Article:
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218 Therapeutic trajectories following high disease activity state in SLE
  1. Christopher McMaster1,
  2. Hieu Nim1,
  3. Rachel Koelmeyer1,
  4. Albert Frauman2,
  5. Eric Morand3 and
  6. Alberta Y Hoi1
  1. 1Monash University
  2. 2Melbourne University
  3. 3Monash University, Melbourne, Australia


Background Systemic lupus erythematosus (SLE) is a heterogenous autoimmune disease. Treatment trajectories following high disease activity state (HDAS), as defined by SLEDAI score 10, have not been well described.

Methods Longitudinal trajectories of patients from the Australian Lupus Registry were studied. HDAS periods were defined as the time from which HDAS begins, until the patient fulfils criteria for Low Lupus Disease Activity (LLDAS), or up to 365 days. Treatment escalation is defined as either an addition of hydroxychloroquine (HCQ), prednisolone (PNL) and immunosuppressant (IS), or any change in IS drug. De-escalation is either dose reduction or cessation of HCQ or IS without meeting treatment escalation criteria. Treatment trajectories were examined as the rolling sum (over time) of escalations and de-escalations and were clustered using k-means clustering methods. Different clustering partitions were tested. The R package kml was used for cluster determination and quality criterion calculations. The differences in time to resolution of HDAS between clusters were tested using likelihood ratio test. The relationships between continuous covariates (cumulative PNL, number of escalations, number of de-escalations, time to first escalation, number of mild-to-moderate flares, number of severe flares and change in damage index) and cluster were examined using analysis of variance (ANOVA) and Tukeys HSD.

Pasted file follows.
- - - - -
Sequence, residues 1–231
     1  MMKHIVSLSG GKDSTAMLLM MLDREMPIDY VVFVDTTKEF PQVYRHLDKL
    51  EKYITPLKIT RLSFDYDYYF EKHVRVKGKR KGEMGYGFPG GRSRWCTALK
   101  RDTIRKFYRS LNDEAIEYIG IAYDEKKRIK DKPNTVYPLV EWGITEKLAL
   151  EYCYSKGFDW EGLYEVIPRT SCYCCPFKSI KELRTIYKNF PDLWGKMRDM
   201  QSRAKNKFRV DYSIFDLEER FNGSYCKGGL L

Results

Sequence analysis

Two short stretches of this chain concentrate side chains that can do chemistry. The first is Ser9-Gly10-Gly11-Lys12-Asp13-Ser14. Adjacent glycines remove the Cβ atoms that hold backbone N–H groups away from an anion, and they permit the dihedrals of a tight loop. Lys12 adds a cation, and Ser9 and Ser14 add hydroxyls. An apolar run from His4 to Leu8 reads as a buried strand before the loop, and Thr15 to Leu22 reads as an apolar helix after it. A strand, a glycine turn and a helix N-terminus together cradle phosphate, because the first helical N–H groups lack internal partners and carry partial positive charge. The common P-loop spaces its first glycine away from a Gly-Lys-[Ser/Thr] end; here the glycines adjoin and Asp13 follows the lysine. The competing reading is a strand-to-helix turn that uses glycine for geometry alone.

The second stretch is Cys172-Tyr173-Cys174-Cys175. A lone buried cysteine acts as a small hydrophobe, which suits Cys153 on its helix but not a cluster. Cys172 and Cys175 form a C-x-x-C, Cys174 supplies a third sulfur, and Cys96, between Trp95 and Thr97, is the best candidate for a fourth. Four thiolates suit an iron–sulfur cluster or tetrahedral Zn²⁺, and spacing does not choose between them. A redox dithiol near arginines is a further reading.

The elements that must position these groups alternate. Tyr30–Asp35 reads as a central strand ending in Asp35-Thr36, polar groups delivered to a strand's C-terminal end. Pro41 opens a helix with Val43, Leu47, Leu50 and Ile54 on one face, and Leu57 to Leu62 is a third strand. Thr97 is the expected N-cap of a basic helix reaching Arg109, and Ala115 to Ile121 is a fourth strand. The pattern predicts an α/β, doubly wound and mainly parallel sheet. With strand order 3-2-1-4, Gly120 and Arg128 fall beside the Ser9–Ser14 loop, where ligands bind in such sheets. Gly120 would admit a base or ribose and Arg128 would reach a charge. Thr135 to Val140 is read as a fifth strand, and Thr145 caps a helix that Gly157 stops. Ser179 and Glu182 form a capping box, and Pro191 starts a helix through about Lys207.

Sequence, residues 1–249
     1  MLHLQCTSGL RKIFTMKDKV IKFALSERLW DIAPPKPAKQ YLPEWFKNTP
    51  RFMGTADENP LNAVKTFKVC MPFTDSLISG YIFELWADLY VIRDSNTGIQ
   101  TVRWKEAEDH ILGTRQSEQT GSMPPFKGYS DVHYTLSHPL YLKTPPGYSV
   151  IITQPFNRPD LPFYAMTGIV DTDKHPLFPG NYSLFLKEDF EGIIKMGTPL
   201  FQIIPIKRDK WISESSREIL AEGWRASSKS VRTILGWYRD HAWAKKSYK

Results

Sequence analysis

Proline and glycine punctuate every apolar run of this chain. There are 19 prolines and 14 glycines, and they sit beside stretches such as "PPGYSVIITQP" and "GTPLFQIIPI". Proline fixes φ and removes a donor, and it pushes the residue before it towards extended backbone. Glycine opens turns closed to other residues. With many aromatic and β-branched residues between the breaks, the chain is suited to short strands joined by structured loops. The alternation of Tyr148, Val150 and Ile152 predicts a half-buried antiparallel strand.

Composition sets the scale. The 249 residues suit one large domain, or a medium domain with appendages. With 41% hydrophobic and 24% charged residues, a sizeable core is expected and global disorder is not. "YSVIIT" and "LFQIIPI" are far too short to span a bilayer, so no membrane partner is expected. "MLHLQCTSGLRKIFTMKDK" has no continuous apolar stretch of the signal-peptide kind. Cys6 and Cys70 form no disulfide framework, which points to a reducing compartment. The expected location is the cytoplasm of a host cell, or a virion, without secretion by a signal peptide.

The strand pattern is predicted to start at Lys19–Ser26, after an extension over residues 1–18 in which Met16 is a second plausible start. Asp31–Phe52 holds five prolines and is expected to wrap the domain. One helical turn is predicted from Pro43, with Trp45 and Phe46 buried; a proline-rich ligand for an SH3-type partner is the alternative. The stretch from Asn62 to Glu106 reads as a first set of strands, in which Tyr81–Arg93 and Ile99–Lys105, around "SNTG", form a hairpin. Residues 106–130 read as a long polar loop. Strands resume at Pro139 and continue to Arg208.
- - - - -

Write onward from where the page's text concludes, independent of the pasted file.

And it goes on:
Results A total of 210 HDAS periods (104 patients) were identified. Of the HDAS periods, patients were classified as treatment naïve (10%), HCQ inadequate response (20%), IS inadequate response (68%), and combination IS inadequate response (2%). The most commonly used IS was mycophenolate (23% of all HDAS periods). The trajectories were categorized into 3 final clusters: Cluster A (42/210) had more escalations than Cluster B (132/210) and Cluster C (36/210), see figure 1. There was no difference between clusters in the duration of time spent in HDAS, but a trend for higher cumulative PNL in Cluster A and they had significantly more and earlier escalations than Cluster B and C. Damage accrual appeared to be highest in Cluster C (the de-escalators) although not statistically significant. There was no difference between the distribution of the baseline treatment groups in each cluster.

Conclusions Treatment trajectories can be described using clustering that examines treatment escalations and de-escalations. This pilot study showed that treatment trajectories appear to have an effect on clinical outcomes. Further studies are planned to explore the relationship of patient characteristics or physician treatment decisions have on these clusters.

Funding Source(s): nil

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